The intern generation

Mills Sparkman

“You think kids want to come with their parents and take fox-trot lessons? Trips to Europe, that’s what the kids want. Twenty-two countries in three days.”

This line was uttered by hotel owner Max Kellerman in the 1987 film “Dirty Dancing,” and his sentiment of teenagers wanting different opportunities than their parents persists.

While their parents worked at restaurants, camps or other seasonal jobs, today’s students tend to think outside the box, by necessity.

According to a Pew Research Center study, the amount of workers in occupations that require more educational, professional and business services training, has grown from 49 million in the 1980s to 83 million today, a 68 percent increase.

The amount of workers whose jobs required less preparation only grew 31 percent, which increases the motivation for students to go into more lucrative fields. Their parents grew up in a generation where the two sectors were more closely matched, and there was less opportunity and incentive to aim higher.

Today, real career experience starts earlier, often through internships. The difference between an internship and a job is that an internship must have a learning component, according to America’s Job Exchange.

Internships may seem beneficial because they give students real-world experience in their chosen field. But they are often unpaid or only offer academic credit.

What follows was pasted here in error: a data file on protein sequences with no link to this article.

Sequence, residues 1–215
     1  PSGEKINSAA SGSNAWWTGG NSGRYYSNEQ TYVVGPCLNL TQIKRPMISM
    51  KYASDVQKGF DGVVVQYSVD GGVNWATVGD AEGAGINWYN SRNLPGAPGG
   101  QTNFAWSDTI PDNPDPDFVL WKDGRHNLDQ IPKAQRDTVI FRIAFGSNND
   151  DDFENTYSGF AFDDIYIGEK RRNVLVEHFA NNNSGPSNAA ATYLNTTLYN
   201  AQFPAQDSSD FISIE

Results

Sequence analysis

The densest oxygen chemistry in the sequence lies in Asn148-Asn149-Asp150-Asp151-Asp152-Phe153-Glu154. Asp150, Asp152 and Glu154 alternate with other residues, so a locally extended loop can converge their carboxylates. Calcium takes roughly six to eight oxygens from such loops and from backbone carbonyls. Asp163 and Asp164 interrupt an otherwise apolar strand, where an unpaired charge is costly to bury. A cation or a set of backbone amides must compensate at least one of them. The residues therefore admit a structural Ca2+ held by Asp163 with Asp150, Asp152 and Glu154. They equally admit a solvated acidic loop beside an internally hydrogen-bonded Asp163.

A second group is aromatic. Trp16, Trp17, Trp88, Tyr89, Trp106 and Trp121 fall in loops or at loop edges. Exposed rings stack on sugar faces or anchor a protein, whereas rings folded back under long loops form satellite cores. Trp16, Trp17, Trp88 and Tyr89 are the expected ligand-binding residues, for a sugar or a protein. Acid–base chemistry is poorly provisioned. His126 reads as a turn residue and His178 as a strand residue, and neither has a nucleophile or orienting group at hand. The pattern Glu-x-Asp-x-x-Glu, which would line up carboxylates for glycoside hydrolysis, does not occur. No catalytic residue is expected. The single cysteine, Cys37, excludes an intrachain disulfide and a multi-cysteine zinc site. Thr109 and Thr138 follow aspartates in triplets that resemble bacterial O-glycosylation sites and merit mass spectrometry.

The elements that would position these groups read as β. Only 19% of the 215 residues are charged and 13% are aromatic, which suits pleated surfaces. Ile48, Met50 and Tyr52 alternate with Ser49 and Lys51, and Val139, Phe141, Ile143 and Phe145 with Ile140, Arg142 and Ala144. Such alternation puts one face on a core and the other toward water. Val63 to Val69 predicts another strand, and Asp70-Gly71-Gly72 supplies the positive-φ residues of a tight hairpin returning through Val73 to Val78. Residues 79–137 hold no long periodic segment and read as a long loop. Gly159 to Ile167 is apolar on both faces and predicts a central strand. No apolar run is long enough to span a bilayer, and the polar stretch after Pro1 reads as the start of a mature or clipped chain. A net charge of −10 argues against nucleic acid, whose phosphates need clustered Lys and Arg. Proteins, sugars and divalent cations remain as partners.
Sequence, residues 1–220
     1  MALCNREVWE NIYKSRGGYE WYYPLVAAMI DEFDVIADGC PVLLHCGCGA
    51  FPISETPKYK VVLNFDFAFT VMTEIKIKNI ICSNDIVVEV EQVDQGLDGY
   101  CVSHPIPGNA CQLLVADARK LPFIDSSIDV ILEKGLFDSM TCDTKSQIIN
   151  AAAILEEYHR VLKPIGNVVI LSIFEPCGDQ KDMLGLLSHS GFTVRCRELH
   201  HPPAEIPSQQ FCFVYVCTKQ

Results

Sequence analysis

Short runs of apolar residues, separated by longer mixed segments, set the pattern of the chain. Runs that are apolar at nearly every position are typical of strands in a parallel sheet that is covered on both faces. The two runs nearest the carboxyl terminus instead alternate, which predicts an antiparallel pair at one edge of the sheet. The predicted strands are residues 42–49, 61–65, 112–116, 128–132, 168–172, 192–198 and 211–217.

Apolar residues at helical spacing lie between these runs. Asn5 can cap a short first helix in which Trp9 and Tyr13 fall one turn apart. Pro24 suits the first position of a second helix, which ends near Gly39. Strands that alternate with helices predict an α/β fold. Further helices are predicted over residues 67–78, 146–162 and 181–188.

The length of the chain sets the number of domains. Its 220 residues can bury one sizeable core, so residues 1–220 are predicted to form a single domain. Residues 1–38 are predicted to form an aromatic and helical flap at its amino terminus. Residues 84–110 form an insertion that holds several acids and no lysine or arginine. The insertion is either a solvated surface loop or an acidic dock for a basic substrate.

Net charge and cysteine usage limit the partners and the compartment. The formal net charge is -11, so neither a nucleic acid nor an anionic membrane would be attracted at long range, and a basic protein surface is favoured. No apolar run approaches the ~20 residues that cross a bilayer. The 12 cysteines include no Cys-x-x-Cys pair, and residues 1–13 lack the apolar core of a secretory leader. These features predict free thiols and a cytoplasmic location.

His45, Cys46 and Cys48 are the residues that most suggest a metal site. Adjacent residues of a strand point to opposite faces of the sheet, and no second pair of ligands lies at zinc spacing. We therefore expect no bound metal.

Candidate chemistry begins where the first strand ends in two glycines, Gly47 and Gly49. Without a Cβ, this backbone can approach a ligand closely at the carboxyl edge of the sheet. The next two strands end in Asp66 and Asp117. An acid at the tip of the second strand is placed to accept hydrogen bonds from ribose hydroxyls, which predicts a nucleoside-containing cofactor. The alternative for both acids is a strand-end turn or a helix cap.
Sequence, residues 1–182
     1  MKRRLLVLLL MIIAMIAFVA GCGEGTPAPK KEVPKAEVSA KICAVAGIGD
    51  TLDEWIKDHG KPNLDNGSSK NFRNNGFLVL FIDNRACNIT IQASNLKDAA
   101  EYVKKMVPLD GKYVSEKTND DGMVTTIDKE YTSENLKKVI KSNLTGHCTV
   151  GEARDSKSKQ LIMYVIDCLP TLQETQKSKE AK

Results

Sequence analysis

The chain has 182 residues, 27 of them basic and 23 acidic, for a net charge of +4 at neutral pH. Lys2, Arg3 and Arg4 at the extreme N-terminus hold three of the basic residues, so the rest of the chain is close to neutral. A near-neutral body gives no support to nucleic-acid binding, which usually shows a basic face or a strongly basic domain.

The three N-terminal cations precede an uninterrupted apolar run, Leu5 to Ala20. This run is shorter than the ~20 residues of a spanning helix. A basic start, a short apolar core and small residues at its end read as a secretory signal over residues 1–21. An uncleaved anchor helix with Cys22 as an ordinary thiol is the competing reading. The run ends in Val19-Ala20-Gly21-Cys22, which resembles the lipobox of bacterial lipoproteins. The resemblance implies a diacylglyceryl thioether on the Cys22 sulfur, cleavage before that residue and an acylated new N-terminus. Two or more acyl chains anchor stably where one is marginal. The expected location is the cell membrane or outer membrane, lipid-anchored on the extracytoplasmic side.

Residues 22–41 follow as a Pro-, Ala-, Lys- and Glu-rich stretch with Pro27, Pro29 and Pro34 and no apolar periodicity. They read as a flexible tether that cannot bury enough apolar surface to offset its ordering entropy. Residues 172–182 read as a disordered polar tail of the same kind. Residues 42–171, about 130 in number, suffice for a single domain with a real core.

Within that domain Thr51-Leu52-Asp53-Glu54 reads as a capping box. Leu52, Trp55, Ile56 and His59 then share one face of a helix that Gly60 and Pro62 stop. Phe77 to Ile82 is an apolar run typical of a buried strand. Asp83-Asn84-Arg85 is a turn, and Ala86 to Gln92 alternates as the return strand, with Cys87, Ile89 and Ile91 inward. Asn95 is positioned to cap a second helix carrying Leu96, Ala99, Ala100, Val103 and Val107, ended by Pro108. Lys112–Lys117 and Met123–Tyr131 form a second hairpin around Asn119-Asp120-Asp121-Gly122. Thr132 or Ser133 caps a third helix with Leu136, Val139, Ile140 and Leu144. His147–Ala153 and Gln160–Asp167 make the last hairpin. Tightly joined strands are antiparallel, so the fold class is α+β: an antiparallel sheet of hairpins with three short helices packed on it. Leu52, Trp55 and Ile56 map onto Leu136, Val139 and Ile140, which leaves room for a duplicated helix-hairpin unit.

Today, students regularly have to choose between a paid job that does not help them with their future career, or an unpaid one that promises a learning experience and nothing else.

Yet, there is a silver lining. With more students taking non-traditional paths to their careers, taking gap years and time to find what they really want, there is no single “right way” to success.

In addition, students with more experience in diversified work environments have an advantage over those who only have experience in their fields. They can be flexible and apply their learned skills in many environments.

The bottom line: whether students are paid for their efforts or not, if they work hard and have a goal in sight, there is a high chance of success.